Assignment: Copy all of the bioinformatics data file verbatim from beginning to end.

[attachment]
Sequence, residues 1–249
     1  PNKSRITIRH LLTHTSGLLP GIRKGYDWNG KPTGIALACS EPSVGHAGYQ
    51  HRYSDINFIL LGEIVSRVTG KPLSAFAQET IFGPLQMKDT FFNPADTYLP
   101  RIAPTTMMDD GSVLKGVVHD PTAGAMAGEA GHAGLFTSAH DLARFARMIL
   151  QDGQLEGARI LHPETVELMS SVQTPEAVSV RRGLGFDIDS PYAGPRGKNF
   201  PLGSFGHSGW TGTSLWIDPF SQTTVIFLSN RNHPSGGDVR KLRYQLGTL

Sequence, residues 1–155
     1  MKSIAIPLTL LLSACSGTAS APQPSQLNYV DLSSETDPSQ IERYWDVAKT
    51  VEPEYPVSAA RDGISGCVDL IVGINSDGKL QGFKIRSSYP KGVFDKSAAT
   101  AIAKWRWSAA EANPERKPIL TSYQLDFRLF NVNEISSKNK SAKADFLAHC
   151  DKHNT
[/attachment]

Sequence, residues 1–249
     1  PNKSRITIRH LLTHTSGLLP GIRKGYDWNG KPTGIALACS EPSVGHAGYQ
    51  HRYSDINFIL LGEIVSRVTG KPLSAFAQET IFGPLQMKDT FFNPADTYLP
   101  RIAPTTMMDD GSVLKGVVHD PTAGAMAGEA GHAGLFTSAH DLARFARMIL
   151  QDGQLEGARI LHPETVELMS SVQTPEAVSV RRGLGFDIDS PYAGPRGKNF
   201  PLGSFGHSGW TGTSLWIDPF SQTTVIFLSN RNHPSGGDVR KLRYQLGTL

Sequence, residues 1–155
     1  MKSIAIPLTL LLSACSGTAS APQPSQLNYV DLSSETDPSQ IERYWDVAKT
    51  VEPEYPVSAA RDGISGCVDL IVGINSDGKL QGFKIRSSYP KGVFDKSAAT
   101  AIAKWRWSAA EANPERKPIL TSYQLDFRLF NVNEISSKNK SAKADFLAHC
   151  DKHNT